Most important, she said, was the safety of the migrating people, particularly during their attempts to cross the Mediterranean and Aegean seas. She said people-smugglers’ activities had to be disrupted while those desperate to make the crossing had to be rescued.

Ministers and TDs have said Ireland must take more refugees than it has committed to so far. They have also said Ireland must take a leading role in pushing for a comprehensive EU response to the refugee crisis.

Seán Sherlock, Minister of State at the Department of Foreign Affairs, said there was “a case to be made for taking in more refugees.”.

He said Ireland had contributed €31 million towards the humanitarian effort on the ground in refugee camps along the Syrian borders, and pointed to the deployment of the Irish naval vessels in the Mediterranean who had saved hundreds of people from drowning while trying to cross to Europe.

“As a nation I think we have genuinely lived up to part of our end of the bargain but yes, there is case to be made that we should take in more.”

Pat Breen, chair of the joint committee on foreign affairs, said: “I think we could take more. It’s a balancing act. If we were to take an amount proportionate to the numbers Germany is taking, that would be 40,000. Obviously our economy couldn’t take that. But there is room for us to take more.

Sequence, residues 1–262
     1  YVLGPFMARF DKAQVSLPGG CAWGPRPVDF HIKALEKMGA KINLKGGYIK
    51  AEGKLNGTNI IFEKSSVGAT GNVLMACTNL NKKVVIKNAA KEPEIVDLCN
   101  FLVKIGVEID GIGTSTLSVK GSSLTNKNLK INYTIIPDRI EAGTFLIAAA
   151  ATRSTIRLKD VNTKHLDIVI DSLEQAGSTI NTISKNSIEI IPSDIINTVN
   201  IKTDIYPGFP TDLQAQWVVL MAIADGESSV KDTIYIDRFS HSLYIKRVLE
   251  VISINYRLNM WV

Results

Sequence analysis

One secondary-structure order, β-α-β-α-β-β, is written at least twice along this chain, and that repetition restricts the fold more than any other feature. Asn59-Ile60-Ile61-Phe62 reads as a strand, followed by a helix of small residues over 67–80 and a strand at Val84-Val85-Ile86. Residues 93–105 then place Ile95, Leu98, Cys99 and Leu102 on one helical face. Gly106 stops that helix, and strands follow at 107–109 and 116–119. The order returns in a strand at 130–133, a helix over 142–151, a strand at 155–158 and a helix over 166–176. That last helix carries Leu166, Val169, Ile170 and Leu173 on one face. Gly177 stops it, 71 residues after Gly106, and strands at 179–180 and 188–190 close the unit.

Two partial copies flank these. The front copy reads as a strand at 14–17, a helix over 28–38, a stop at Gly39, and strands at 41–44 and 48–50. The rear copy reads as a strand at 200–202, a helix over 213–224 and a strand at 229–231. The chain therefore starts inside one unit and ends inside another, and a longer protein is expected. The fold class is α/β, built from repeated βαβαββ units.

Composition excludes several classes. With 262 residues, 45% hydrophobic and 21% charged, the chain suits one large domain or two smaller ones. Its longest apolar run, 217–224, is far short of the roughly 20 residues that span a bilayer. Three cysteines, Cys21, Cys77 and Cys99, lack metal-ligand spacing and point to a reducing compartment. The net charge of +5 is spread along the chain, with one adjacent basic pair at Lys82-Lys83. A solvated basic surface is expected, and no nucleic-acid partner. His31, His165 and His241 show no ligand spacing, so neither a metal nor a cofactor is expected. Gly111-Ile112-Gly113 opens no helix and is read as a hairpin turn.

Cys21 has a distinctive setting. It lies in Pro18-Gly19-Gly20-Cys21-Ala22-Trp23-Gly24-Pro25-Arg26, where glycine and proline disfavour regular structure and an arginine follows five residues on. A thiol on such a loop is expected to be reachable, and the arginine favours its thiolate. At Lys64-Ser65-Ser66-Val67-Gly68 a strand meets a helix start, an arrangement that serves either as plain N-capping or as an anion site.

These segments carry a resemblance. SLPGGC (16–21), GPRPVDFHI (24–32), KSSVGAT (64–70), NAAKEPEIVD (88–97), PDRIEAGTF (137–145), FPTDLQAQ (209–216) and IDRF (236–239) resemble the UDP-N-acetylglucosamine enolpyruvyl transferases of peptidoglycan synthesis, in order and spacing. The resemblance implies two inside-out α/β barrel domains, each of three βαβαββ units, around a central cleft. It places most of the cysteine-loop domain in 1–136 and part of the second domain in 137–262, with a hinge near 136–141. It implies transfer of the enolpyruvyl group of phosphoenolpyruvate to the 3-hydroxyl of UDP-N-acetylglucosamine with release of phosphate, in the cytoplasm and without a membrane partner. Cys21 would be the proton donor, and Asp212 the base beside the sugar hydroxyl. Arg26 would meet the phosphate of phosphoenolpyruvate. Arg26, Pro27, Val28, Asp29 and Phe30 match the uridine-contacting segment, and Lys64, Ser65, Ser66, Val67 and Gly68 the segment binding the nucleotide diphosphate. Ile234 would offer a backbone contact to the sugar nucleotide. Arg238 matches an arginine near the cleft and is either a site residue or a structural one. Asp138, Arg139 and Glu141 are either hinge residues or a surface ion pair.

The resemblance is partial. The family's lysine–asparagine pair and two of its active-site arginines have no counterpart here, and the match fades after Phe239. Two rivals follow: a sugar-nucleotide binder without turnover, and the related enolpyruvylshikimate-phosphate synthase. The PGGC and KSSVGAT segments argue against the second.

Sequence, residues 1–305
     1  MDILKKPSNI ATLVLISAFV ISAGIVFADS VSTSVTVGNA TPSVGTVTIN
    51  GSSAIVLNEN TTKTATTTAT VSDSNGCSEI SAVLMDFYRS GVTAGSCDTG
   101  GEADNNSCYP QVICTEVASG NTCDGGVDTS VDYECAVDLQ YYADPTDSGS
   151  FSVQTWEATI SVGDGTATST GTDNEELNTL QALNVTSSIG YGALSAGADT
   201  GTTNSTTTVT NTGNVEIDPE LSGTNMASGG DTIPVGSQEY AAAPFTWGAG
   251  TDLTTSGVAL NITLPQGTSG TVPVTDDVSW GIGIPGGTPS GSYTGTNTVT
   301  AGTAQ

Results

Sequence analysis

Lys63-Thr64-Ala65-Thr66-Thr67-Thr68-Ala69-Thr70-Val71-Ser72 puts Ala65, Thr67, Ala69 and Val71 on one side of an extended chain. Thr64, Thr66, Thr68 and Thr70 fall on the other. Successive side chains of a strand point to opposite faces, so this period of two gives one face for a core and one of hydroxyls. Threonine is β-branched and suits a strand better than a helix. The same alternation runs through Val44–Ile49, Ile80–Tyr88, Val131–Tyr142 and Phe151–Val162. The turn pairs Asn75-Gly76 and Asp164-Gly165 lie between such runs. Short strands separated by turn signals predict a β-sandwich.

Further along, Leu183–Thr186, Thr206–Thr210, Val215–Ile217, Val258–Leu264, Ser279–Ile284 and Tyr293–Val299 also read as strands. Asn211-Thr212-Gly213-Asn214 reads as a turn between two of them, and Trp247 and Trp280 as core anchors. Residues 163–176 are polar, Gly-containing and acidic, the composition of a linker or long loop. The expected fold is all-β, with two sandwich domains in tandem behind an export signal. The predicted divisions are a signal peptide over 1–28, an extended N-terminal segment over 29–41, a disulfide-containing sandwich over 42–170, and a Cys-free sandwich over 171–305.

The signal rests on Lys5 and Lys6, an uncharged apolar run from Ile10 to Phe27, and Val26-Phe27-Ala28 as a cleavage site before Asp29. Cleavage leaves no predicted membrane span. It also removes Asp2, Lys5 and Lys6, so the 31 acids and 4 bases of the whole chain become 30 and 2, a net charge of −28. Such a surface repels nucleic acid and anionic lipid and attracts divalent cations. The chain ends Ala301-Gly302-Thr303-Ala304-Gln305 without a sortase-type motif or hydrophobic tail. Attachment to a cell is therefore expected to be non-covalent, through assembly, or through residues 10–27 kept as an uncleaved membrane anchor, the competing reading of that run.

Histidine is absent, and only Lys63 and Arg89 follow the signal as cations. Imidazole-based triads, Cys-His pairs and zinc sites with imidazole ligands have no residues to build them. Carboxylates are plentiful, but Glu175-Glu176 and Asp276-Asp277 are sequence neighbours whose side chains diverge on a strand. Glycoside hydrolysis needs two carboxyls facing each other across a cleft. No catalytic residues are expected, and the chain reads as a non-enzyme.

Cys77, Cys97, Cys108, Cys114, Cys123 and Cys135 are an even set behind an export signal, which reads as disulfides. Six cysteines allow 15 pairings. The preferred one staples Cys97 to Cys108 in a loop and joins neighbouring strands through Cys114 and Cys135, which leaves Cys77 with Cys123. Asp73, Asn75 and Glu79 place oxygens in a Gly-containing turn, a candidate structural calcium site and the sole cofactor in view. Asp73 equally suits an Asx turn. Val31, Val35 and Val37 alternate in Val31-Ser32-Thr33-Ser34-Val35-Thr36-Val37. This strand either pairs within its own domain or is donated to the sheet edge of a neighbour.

“It needs to be a co-ordinated response from the European Union. There are countries who don’t want to take any.”


“I also think the Dáil must have a debate on this within a day or two when it’s back on September 22nd,” he said.

Jerry Buttimer, chair of the Oireachtas committee on health, when asked whether Ireland should accept more than planned number of refugees said, “Yes. Yes because it’s the right thing to do.”

Joanna Tuffy, chair of the Oireachtas committee on education, also called for a larger number of refugees to be taken by Ireland, and said Ireland needed to “take a leadership role in Europe among other countries. We should be calling for a co-ordinated response across Europe.

“The question of where more refugees would be accommodated is something that could be worked out. There are hotels. There are vacant buildings. The priority for these people is that they reach safety.”

Labour TD Joe Costello said: “We certainly should be doing a lot more. We have to be prepared to take more refugees. We have a huge diaspora of our own and we have had our people welcomed in other countries.

“It could be done at parish-level. There needs to be a buy-in at grassroots level, with people in each parish taking people in.

“We should be taking a lead in Europe. Heads need to be banged together in Europe and it needs to be done urgently. People are dying.”